But by late summer, the Russian fighters seemed less experienced and tired, amid reports of desertions and a Russian paramilitary group recruiting convicts from prison to fight in Ukraine. This week, Russia’s parliament approved longer jail terms for refusing military service and the government announced a partial military mobilization. Russian forces may have also been short on weapons after Ukrainian strikes, thought to be aided by US intelligence, took out several Russian arms depots.
In contrast, Ukraine worked all summer to expand and strengthen its mainly civilian territorial defense, aided by social media. Mr Ryzhykov runs his battalion’s Facebook page and says he receives loads of new applicants every day and mostly turns them away. “One good fighter is better than 10 useless guys,” he said.
In July, Mr Ryzhykov’s commander tasked him with finding the 100 worst soldiers in the 1,000-troop battalion. I queried colleagues about problem soldiers while a tech-expert colleague scoured Facebook for posts from battalion members that revealed positions, showed dead Ukrainian soldiers, or expressed frustration with Ukraine’s military.
“We fired all of the crazy and unreliable soldiers and assembled a team of only professional fighters,” said Mr Ryzhykov. “The quality of warriors is much better.”
Finally, the impact of advanced western weaponry has been unmistakable. The Russian side used to be able to lob many more, and more powerful, strikes. But a number of expert reports assert that the imports, including Himars rocket launchers, M777 Howitzers and Finnish 120mm mortars, have all but leveled the playing field in recent weeks.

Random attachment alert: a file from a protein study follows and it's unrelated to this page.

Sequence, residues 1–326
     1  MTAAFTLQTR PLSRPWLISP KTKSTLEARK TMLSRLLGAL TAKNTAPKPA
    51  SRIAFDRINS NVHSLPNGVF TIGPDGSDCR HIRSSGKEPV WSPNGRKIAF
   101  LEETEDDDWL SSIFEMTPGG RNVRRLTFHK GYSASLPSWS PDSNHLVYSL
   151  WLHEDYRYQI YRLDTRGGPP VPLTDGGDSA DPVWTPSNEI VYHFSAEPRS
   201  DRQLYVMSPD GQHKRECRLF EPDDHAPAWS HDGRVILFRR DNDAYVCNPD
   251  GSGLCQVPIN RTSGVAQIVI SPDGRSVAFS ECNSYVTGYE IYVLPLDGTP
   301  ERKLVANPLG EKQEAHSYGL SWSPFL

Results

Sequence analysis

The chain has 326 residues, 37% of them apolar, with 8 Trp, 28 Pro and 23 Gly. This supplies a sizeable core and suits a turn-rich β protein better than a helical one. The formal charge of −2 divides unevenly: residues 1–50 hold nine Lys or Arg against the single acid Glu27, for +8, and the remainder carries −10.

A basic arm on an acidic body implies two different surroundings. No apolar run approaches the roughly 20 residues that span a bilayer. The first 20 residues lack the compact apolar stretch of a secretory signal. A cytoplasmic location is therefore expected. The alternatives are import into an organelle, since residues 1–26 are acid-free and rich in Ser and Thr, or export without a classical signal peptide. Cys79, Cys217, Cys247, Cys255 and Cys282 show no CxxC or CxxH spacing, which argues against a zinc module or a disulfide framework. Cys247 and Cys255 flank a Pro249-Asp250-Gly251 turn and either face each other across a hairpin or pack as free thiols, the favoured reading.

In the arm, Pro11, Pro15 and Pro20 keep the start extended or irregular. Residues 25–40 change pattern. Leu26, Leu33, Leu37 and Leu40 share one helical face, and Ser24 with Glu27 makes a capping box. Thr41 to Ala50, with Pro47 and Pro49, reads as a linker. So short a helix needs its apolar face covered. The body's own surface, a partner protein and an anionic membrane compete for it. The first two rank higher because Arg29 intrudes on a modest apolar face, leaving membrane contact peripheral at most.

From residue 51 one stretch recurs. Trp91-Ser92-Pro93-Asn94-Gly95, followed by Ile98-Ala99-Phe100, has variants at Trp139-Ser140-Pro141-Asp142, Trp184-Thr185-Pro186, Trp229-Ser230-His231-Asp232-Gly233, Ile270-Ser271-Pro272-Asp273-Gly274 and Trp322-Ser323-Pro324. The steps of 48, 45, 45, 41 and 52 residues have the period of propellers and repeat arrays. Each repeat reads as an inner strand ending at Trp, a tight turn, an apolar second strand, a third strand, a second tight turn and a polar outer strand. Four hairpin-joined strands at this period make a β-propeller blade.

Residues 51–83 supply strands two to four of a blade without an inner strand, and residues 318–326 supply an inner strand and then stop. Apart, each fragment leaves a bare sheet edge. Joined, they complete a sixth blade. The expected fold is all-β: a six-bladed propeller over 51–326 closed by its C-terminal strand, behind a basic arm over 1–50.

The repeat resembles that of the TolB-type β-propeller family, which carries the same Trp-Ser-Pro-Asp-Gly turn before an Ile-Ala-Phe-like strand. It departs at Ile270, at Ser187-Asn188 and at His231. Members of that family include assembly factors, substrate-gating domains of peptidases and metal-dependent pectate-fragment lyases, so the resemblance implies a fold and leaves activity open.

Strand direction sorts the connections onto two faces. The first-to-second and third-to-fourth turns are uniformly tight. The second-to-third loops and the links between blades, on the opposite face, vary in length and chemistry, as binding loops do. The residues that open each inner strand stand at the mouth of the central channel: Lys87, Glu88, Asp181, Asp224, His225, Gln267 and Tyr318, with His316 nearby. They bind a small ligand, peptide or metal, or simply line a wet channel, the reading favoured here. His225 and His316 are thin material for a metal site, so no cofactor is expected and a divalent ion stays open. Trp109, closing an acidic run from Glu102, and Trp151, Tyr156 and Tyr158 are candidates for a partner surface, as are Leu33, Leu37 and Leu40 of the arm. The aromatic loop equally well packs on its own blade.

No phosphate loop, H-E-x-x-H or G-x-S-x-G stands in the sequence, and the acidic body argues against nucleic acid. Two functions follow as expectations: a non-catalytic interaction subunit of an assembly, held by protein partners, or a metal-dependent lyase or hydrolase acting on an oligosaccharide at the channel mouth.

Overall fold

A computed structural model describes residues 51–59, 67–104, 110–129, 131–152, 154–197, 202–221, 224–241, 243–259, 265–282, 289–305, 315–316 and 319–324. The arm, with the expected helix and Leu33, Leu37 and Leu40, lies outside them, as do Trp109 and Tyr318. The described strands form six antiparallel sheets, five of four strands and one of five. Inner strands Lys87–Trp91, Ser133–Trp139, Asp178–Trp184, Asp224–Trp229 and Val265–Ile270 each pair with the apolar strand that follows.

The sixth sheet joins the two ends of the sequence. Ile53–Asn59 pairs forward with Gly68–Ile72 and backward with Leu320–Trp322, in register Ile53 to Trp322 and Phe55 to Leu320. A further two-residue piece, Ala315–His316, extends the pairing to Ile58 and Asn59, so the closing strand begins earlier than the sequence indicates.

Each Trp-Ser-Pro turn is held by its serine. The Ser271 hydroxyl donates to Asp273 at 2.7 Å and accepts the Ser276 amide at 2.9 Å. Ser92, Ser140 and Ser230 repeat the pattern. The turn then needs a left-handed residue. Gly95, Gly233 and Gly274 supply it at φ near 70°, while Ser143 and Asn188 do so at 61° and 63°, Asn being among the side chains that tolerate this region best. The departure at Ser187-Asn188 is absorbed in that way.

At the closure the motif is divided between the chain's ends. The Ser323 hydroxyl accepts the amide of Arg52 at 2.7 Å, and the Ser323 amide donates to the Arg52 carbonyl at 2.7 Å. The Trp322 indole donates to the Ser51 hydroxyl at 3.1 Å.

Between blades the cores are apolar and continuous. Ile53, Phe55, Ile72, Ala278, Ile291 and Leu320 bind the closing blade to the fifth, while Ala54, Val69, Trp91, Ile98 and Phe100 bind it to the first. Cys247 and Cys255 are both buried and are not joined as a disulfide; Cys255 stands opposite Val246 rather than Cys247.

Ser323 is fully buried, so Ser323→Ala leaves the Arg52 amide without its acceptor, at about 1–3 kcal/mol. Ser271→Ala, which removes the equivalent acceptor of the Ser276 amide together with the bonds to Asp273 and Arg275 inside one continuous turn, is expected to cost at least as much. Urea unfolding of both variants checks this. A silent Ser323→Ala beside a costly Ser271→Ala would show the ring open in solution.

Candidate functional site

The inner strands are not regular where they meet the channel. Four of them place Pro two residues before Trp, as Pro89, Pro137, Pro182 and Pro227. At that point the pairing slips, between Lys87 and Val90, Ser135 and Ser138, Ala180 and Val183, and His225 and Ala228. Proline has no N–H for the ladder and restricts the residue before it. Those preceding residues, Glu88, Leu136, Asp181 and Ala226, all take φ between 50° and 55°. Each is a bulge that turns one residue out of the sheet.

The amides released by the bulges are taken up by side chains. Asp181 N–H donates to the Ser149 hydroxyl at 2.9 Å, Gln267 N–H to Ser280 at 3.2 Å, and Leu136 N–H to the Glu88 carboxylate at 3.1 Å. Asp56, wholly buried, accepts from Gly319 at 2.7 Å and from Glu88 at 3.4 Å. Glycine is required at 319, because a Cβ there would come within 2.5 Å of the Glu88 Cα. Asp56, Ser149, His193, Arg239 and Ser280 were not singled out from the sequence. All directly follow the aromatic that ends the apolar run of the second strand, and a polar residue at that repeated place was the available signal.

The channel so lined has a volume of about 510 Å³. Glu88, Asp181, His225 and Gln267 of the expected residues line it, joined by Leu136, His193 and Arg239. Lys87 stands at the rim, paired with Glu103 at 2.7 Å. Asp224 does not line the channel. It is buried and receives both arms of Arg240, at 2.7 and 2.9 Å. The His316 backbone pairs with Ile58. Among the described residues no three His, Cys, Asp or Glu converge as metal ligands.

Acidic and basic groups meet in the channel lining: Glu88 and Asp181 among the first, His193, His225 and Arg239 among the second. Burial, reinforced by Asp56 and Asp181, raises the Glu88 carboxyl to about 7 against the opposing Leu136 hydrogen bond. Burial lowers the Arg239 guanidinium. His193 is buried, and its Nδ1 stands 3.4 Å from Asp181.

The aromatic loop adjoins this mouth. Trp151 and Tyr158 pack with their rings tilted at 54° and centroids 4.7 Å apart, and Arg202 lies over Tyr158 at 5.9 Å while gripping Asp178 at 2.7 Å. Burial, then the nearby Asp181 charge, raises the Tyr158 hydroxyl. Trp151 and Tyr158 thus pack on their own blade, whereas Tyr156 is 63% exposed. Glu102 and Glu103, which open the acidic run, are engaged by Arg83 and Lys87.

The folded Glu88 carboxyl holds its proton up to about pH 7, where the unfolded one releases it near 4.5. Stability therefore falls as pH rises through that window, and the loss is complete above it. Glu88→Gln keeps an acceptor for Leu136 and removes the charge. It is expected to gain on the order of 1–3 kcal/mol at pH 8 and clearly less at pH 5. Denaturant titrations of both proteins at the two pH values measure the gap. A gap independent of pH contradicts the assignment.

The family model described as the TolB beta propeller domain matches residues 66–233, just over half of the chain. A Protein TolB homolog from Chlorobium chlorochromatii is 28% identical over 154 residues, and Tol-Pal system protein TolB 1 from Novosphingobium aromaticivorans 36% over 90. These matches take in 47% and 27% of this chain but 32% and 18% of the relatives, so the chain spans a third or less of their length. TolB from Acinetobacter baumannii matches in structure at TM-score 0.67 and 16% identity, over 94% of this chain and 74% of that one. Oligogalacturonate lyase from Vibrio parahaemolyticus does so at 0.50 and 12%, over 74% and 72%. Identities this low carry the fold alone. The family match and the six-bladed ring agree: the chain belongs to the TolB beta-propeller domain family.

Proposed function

Yet in retreat, the Russians left behind obstacles for their pursuers. On the day after Ukrainian forces retook Devil Village, Mr Ryzhykov’s commander, mentor and friend, known as Phantom, stepped on a mine in the forest on the edge of town and was badly injured. He’ll need several surgeries, but his fellow soldiers hope he’ll be able to return to service.
Other members of the unit have since been injured by anti-personnel mines, which Russian forces in eastern Ukraine are thought to have placed in the thousands. They’ve been found throughout retaken areas of Kharkiv oblast and could emerge as a problem in other Russian-occupied regions as well.
Mr Ryzhykov is now using drones to help sappers find and defuse the mines to clear the way for Ukrainian forces to move fully into the reclaimed areas, which run all the way to the Russian border. News coverage of the war tends to highlight bombings and battles in cities such as Kherson, Kharkiv, Mariupol and Odessa, although the vast majority of the fighting and dying happens in rural areas.
Every week, dogged, bloody battles are waged over sleepy villages, beyond the view of analysts and reporters. The focus is likely to continue to be on population centers, and for good reason – that is where most people live.
Yet in the end, it may well be what happens in unremarkable places like Devil Village, far from the eyes of the world, that determines the outcome of this war.
Published: September 22, 2022, 5:00 AM